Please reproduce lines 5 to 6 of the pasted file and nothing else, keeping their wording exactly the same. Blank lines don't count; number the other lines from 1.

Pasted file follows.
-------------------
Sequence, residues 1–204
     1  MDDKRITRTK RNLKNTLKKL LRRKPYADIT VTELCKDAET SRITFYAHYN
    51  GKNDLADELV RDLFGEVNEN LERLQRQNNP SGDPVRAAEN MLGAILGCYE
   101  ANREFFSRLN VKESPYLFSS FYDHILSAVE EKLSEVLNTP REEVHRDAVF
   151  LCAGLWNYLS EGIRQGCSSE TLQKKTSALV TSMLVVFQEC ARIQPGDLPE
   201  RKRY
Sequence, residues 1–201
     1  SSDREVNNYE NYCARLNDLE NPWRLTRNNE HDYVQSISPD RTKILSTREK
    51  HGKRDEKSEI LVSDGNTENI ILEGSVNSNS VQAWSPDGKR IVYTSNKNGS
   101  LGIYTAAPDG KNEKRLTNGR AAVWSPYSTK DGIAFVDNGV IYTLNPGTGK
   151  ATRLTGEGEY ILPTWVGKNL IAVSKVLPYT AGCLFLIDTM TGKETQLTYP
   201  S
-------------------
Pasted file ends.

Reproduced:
   151  LCAGLWNYLS EGIRQGCSSE TLQKKTSALV TSMLVVFQEC ARIQPGDLPE
   201  RKRY